He added that he “was not struck by their wickedness, for that wickedness was but the spirit and the history of America. What struck me was the unbelievable dimension of their sorrow. I felt as though I had wandered into hell.”

Those who cling to the mythology of white supremacy cannot be reached through rational discussion. Mythology is all they have left. When this mythology appears under threat it triggers a ferocious backlash, for without the myth there is an emptiness, an emotional void, a crushing despair.

America has two choices. It can reintegrate the dispossessed back into the society through radical New Deal types of reforms, or it can leave its underclass to wallow in the toxins of poverty, hate and resentment, fueling the blood sacrifices that afflict us. This choice, I fear, has already been made. The ruling oligarchy doesn’t take the subway or fly on commercial jets. It is protected by the FBI, Homeland Security, police escorts and bodyguards. Its children attend private schools. It lives in gated communities with elaborate surveillance systems. We don’t matter.

Chris Hedges is a Pulitzer Prize–winning journalist who was a foreign correspondent for 15 years for The New York Times, where he served as the Middle East bureau chief and Balkan bureau chief for the paper. He previously worked overseas for The Dallas Morning NewsThe Christian Science Monitor and NPR.  He is the host of show “The Chris Hedges Report.”

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23 comments for “Chris Hedges: America’s Gun Fetish

  1. Adam Gorelick
    June 9, 2022 at 17:19

    The racialization of slavery and the very concept of “whiteness” are largely homegrown American pathologies. The latter, along with The Second Amendment, being necessated by the fragility of the supremacy that was, and remains, foundational for The United States. Hitler, of course, greatly admired the criminaly insane beliefs and practices of eugenics and Jim Crow birthed by the U.S.A. But most of the European or British settlers weren’t landed gentry and, especially after the abolition of Southern slavery, were painfully aware of their penultimate social status just above Black people. The carceral servitude “loop hole” in the 14th amendment wasn’t enough to quell their queasily precarious social position in relation to non-whites. That the monster has never been vanquished is America’s dirty little open secret. What is at the core of American white terror has been inherited like trauma by successive generations of a nation that has never benefited from the maturity afforded by self awareness.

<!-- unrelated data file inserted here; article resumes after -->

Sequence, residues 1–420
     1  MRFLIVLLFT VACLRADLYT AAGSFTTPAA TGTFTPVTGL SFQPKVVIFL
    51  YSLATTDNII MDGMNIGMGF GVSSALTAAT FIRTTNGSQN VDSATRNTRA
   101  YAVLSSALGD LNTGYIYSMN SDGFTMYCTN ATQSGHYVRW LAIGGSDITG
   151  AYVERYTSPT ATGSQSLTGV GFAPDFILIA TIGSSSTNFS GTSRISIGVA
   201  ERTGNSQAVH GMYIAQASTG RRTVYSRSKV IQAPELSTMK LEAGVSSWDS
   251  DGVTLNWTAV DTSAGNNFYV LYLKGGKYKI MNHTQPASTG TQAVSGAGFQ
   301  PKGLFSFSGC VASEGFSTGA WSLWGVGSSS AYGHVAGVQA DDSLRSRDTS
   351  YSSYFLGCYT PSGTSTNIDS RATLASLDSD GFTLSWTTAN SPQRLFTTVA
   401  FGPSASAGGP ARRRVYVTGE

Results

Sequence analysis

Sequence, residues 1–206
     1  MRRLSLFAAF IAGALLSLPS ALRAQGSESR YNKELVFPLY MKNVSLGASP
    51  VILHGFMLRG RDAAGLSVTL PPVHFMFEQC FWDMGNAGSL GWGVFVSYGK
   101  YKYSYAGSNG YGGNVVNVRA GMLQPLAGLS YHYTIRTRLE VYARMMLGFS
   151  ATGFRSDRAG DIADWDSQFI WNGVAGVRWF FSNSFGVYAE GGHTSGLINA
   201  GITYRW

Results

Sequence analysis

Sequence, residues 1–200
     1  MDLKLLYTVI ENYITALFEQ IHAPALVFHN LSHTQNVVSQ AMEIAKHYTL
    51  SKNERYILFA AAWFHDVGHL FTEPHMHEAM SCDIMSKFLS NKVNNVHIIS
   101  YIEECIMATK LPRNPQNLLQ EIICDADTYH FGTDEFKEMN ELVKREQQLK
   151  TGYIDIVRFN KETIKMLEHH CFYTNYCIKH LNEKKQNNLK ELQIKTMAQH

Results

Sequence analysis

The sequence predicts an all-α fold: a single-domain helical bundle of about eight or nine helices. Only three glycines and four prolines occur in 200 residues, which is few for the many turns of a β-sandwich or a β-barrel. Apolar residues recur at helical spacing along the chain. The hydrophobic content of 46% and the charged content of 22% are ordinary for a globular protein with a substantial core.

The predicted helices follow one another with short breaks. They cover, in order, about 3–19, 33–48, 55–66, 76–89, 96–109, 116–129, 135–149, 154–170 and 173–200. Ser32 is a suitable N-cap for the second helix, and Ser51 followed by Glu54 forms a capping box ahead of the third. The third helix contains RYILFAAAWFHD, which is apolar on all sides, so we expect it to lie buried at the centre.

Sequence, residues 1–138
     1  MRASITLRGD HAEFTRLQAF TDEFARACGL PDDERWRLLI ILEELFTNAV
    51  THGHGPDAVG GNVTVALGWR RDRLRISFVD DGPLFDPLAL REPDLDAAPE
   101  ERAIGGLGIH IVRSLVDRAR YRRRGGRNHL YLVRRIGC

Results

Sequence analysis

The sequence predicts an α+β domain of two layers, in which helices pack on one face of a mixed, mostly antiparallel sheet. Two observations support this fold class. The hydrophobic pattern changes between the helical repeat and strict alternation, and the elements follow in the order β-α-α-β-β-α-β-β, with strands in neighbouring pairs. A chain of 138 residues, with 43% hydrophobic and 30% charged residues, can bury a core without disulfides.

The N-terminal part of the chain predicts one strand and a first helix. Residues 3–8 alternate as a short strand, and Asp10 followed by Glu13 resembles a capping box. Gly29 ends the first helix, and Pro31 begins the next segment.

2. Fran Macadam
    June 9, 2022 at 09:31

    So confiscate citizen firearms while flooding massive amounts unvetted to Ukraine’s press ganged citizens? Now that’s Hedging your bets!

  3. Bert van Dyk
    June 9, 2022 at 06:19

    The second ammendment was great in a lawless past, now we should now better
    Assault weapons are only good for killing, not for hunting or target shooting and should be banned
    Here in Australia many people have rifles and pistols mainly for target shooting and are licenced, have you heard about all our mass shootings?
    You didn’t??!
    Food for thought…

  4. Caliman
    June 8, 2022 at 12:27

    With all due respect, this is not largely a racism problem … this is a violence problem. Many other societies are far more racist in attitude than us and some (Brazil) have as bad a murder problem and others (Britain or France) far far less.

    The narrative of violence as a primary and effective solver of problems is deeply imbedded in our national psyche and this is the narrative that needs to change if we want less violence.

  5. Afdal
    June 8, 2022 at 11:52

    In the end it is as Aristotle said long ago: “Poverty is the parent of revolution and crime.” A gun is simply one tool among many to facilitate those.

  6. Lez
    June 8, 2022 at 04:42

    ” . . . regeneration through violence . . . Sometimes it requires the blood of heroes, but most often it requires the blood of enemies”.


    Here, one person’s take on the blood of “enemies”, sacrificing the blood of the Ukrainian people in the US-NATO-UK Proxy War on Russia. They don’t matter.


  7. David K
    June 7, 2022 at 21:00

    There is another perspective on this, which mirrors my own evolution: hxxps://
    Also, responsible gun ownership gives a measure of personal power to anyone — any race, gender, etc. It distresses me that you continue to push the “racist” and “white supremacist” memes, which plays right into the hands of the powers-that-shouldn’t-be, who have been very successful in keeping us divided (esp. these last few years). Perhaps you can investigate why the media overlooks such terrible acts when perpetrated by people of color? Perhaps you can investigate the role of overprescribing anti-depressants (SSRIs) and ADHD medications to teenagers (which then cause them to perpetrate such terrible acts)?

  8. Bob McDonald
    June 7, 2022 at 20:28

    It’s every man’s responsibility to protect himself and his family, whatever that may entail. You own a weapon for the same reason you buy insurance or take a first aide course. You hope you never have to use them but for many people they are good to have.

  9. bluedogg
    June 7, 2022 at 17:28

    Let’s not be so fast as to blame the guns for that would be like blaming a screwdriver for cutting yourself. Let’s put the blame where it really belongs on TV, games, and Hollywood, they closed all the mental health facilities and here in N.Y. turned them into prisons and seeing states are copy cats I presume the rest did too